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Crocus: Crocus laevigatus 'Fontenayi'

Botanical name: Crocus laevigatus 'Fontenayi'

Common name: winter crocus

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Planted
1
time

Sprite
created by:
chief cultivator

Mercer island, Wa

at a glance

Soil: damp, neutral, sand
Sun:
  
Zones: 6a thru 9a
Care:
easy
Lifespan:
perennial
Category:   
Attributes:

deer resistant, winter interest, fall interest

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description for "Crocus: Crocus laevigatus 'Fontenayi'"

'Fontenayi' blooms December through February; thus it may need a sheltered location. In the bud, 'Fontenayi' petals are buff-colored with purple feathering; the flowers open flat to reveal a starry, rose-lilac flower scented like freesia. Like colchicums, winter crocuses are delivered in late August and September. Plant your corms promptly so they'll have time to sprout and bloom. The colorful flowers, so unexpected, always stand in sharp contrast against the browns and golds of autumn, renewing the gardener's forgotten memories of spring. --edited by dtd siegelgirl

History:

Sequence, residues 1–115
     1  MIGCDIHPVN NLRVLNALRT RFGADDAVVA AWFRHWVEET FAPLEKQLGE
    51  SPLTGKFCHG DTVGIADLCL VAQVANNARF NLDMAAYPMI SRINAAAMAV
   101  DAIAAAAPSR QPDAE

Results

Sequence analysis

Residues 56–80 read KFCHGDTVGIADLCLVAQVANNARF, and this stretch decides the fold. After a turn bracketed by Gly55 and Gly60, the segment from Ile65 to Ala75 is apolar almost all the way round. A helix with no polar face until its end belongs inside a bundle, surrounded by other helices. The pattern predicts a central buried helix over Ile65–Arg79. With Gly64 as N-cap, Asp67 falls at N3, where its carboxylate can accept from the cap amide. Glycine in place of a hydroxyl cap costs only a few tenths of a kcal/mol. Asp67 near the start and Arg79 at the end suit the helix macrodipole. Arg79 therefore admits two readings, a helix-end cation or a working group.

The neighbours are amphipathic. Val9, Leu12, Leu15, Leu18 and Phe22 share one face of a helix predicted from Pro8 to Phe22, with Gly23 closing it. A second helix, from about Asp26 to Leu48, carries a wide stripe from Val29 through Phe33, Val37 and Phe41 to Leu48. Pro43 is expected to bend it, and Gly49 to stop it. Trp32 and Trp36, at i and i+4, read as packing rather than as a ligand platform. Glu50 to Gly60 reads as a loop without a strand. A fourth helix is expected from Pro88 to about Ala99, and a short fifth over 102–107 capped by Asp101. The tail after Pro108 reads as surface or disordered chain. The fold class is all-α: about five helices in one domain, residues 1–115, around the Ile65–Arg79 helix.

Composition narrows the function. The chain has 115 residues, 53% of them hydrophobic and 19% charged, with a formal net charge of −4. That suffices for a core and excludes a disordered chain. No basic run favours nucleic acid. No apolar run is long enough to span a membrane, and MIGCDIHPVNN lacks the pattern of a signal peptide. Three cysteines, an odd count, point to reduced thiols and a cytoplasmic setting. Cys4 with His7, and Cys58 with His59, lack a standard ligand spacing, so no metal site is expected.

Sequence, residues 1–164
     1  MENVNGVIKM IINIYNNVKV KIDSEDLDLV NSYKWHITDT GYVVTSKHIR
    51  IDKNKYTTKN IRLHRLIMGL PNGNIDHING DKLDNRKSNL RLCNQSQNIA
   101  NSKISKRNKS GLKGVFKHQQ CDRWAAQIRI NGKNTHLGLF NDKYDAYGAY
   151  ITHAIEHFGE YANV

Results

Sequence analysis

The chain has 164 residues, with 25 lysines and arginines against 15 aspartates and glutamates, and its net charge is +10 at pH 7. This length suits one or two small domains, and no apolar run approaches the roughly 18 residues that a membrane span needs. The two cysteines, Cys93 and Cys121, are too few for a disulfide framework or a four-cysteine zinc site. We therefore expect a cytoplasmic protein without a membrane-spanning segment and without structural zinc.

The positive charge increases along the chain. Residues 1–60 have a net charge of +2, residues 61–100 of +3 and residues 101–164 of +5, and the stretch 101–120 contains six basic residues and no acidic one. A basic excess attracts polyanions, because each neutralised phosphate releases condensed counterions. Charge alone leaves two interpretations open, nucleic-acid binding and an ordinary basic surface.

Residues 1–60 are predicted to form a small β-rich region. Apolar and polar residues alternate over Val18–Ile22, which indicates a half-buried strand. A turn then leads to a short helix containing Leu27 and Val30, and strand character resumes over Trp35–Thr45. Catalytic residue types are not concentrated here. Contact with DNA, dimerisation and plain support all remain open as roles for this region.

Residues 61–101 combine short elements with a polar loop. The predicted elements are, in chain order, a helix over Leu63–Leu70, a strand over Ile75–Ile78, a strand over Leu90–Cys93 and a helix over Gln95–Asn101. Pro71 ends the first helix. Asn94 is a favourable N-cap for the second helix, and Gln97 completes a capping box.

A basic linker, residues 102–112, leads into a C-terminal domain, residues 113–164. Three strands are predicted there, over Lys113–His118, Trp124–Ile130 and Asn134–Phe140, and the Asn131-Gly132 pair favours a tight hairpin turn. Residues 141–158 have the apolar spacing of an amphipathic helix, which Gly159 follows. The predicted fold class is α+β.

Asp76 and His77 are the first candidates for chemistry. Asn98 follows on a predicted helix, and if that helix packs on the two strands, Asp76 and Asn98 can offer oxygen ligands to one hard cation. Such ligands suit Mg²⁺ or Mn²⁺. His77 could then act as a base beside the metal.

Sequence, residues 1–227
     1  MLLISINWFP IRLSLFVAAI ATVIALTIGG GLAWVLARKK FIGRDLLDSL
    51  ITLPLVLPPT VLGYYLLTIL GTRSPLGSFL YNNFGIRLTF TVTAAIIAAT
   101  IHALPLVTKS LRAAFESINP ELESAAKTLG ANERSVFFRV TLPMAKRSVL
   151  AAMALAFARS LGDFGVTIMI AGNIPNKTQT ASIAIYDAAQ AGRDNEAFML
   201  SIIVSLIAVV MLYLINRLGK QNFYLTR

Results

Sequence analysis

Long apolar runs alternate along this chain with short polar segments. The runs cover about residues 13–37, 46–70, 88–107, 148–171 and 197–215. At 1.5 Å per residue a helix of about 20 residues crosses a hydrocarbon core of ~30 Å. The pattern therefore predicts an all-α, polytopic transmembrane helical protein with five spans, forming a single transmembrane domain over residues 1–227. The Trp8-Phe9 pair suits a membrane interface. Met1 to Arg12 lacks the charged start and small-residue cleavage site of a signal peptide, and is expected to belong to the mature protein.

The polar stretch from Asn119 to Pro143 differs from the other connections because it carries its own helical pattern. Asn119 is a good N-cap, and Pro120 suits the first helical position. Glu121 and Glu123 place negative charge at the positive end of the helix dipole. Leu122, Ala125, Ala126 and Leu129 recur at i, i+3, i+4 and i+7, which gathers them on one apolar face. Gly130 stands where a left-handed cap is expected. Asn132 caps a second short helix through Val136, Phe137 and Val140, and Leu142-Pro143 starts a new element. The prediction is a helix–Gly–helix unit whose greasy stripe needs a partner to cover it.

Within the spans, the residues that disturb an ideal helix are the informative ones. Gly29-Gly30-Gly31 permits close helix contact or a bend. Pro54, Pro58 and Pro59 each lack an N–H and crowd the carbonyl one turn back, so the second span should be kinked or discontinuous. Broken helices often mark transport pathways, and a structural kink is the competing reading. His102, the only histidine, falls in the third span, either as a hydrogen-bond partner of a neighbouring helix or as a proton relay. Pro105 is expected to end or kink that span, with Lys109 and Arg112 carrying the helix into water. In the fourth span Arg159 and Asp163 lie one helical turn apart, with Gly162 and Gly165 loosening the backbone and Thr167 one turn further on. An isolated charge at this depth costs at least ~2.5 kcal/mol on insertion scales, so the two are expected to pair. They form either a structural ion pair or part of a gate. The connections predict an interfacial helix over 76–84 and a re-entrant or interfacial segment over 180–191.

Greek species. Fontenay winter crocus is an old gardened form with lilac flowers. Their first year in the ground, the striped buds of this crocus popped up by late December & by the end of the first week of January were blooming gung-ho amidst their own thread-thin grass. Their second year they were in full bloom earlier, flowering at mid-December. If you get on your knees to sniff the blooms, they have a scent of honey. Our temperate zone 8 suits this winter crocus well. They can be planted down to Zone 6 with success but will need a protected area, being native of Crete & Greece & not liking to get too awfully cold nor too warm. It likes to be planted in maximum sunshine, though ours has done well with only partial sunlight through the winter-naked deciduous tree limbs. Because they are smaller than most crocuses, they can get lost in groundcover, so are best placed at the front of a garden & not in turf. [Source: http://www.paghat.com/wintercrocus.html]

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